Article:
Forgiveness—A Measure of Love

KEY VERSE: “He said to the woman, thy faith hath saved thee; go in peace.” —Luke 7:50


THESE words were spoken by Jesus to a woman who was called a sinner by those who knew her, but who undoubtedly had been greatly influenced by Jesus and his teachings. She had a repentant heart concerning her life and saw in Jesus a man of great compassion, and believed he had the authority from God to forgive her sin.

In the gift of ointment, with which she so gently anointed his feet, he saw a wonderful expression of faith, and in the tears which flowed so freely a repentant and contrite heart. Such is the basic heart attitude upon which salvation is possible. When our Lord declared that her faith had saved her, he was aware that his death as a ransoming requirement for salvation had not yet been accomplished; but it was soon to happen, and looking beyond he saw in her a candidate for the great salvation—the call of this age.

Like this remorseful woman, all who have shared in the Gospel Age call to salvation have first come to sadly realize that they are sinners, condemned under a sentence of death. By God’s grace we were enabled to see our condition. He pointed us to the only way of escape—Christ Jesus—and, as we accepted him, we passed figuratively from death unto life. We were called of God with a heavenly calling. Responding, we were begotten of the Holy Spirit and were given exceeding great and precious promises involving our hope of salvation.

In Romans 10:17 we have the statement that faith comes by hearing, and hearing by the Word of God. This implies that a certain kind of faith is the result of knowledge. That is true so far as a faith which is a natural quality is concerned, but it is not strictly true of the faith which is a fruit of the Spirit. Someone may ask, What is the difference? The former is a natural, inherent quality; while the latter is an acquired quality, a grace that is put on—a fruit which is developed. Does all Biblical knowledge result in a living, active faith? By no means. If it did, it would prove that those who have the largest amount of knowledge would also have the greatest degree of faith. This does not necessarily follow.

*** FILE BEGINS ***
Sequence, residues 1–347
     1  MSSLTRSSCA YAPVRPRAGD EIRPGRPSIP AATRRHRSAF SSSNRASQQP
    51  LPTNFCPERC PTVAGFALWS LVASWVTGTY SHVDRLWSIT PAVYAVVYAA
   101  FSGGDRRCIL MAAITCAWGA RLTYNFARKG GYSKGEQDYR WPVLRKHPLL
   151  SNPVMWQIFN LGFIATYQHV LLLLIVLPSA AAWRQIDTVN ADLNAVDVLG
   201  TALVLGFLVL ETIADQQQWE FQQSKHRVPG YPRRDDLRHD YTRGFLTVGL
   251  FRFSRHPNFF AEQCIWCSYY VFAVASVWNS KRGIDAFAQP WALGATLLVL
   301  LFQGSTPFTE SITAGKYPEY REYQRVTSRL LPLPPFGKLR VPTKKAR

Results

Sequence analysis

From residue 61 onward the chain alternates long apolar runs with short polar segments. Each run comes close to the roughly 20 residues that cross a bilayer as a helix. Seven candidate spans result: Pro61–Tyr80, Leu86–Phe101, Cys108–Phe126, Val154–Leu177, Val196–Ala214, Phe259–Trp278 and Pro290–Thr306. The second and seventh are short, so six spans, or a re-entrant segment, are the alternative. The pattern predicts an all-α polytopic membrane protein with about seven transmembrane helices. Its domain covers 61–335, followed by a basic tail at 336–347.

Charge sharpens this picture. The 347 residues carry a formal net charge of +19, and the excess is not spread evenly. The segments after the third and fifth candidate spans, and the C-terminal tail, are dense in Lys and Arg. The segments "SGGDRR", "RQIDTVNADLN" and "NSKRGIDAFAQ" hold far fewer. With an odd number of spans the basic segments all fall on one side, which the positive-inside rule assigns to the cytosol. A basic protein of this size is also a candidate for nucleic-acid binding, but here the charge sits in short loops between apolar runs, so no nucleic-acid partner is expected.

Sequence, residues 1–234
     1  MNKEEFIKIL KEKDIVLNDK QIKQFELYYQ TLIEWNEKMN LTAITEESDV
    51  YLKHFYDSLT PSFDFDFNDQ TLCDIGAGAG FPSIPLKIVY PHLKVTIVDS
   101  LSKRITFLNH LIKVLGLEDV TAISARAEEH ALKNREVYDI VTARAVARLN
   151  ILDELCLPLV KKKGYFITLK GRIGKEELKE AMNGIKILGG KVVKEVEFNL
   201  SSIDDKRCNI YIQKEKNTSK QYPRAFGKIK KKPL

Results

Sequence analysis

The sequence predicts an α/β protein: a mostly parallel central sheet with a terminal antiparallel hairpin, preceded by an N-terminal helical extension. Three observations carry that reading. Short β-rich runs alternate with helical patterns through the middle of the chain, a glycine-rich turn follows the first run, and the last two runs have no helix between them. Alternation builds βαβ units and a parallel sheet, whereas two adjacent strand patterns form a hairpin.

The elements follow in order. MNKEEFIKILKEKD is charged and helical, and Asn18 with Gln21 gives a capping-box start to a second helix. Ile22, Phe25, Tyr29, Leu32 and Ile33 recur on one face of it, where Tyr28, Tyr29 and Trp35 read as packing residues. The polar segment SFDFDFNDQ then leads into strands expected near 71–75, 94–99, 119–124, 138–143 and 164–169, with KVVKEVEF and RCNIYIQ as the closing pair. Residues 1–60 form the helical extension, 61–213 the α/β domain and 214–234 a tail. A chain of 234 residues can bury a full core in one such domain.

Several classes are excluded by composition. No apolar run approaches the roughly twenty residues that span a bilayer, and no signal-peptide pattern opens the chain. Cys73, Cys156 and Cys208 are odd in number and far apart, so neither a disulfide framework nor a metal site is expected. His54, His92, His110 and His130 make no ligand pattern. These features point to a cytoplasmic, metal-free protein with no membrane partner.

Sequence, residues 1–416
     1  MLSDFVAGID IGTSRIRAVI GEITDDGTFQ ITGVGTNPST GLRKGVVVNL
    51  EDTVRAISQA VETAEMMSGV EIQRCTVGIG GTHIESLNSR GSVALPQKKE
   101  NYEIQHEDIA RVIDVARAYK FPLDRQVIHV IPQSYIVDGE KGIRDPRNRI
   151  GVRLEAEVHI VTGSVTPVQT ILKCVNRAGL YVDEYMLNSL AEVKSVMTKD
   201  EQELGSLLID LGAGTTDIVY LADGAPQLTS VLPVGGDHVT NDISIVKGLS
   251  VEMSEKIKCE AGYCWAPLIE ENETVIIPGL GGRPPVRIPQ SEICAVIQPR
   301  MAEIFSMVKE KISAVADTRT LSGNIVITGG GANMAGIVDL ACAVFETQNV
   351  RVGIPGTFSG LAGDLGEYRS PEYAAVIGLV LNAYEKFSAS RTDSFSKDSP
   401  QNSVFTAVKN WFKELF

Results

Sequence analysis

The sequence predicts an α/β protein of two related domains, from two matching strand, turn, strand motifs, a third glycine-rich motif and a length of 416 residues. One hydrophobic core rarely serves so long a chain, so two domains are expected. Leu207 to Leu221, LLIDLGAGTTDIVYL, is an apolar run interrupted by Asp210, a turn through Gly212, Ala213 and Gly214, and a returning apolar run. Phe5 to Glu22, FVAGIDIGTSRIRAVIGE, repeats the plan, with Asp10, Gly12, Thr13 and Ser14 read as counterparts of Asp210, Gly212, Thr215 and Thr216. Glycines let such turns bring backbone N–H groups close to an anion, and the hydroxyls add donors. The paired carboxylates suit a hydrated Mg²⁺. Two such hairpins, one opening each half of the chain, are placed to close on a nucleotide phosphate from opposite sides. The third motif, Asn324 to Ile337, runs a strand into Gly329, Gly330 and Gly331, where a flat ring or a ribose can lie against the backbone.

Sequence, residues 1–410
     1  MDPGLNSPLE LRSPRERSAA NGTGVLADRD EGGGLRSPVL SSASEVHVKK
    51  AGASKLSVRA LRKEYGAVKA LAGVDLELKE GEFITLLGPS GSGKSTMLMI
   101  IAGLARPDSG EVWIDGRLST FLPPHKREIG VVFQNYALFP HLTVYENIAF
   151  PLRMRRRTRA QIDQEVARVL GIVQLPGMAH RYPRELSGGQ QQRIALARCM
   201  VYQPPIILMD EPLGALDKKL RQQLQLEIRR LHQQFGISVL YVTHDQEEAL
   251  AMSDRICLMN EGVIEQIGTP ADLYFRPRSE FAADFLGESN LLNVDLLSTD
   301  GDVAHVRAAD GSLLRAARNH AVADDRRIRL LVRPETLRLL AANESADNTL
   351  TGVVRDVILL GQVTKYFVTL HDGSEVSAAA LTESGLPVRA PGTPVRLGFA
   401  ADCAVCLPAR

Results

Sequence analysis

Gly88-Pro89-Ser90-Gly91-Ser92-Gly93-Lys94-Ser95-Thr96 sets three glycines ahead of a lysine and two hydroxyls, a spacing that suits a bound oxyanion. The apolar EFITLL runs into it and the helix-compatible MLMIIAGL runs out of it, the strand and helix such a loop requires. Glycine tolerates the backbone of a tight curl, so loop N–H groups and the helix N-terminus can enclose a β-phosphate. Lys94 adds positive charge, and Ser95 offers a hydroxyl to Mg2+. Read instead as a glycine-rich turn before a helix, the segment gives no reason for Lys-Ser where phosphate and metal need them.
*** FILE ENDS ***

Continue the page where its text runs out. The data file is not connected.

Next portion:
Knowledge alone is not the faith which is the victory that overcometh the world. From the standpoint of the Apostle Peter, true knowledge of God is an outgrowth of faith. This is shown in his statement in II Peter 1:5, where he said, “Add to your faith virtue, and to virtue knowledge.” If all faith were the result of knowledge, the apostle could have said, Add to your knowledge virtue, and to virtue faith; but we notice he did not put it that way. He said: “Add to your faith virtue, … knowledge, … temperance, … patience, … godliness, … brotherly kindness, … love.”

We read in Ephesians, “that Christ may dwell in your hearts by faith; that ye, being rooted and grounded in love, may be able to comprehend with all saints what is the breadth, and length, and depth, and height, and to know the love of Christ, which passeth knowledge.” (Eph. 3:14) Also, in Romans we read, “Being justified by faith, we have peace with God. … By whom [Jesus] also we have access by faith into this grace wherein we stand, and rejoice in the hope of the glory of God.”—Rom. 5:1,2

These scriptures and many more express how vital our faith is to the hope of salvation we rightfully entertain through the authority of God’s Word. The heavenly salvation can only dimly be grasped by our finite minds. We are told that it “doth not yet appear what we shall be.” (John 3:1) But we have assurance of the validity of this hope because we have evidence that our faith in it is tested by God, as he told us it would be—that the trial of our faith … “though it be tried with fire, might be found unto praise and honor and glory at the appearing of Jesus Christ.”—I Pet. 1:7

And so, in the end, it will be our faith that will see us through to victory in the obtaining of our salvation. If our faith is sure and steadfast in his promised salvation, and is more firmly established with each trial, then we too can walk in peace—peace with God. “This is the victory that overcometh the world, even your faith.”—I John 5:4

Dawn Bible Students Association
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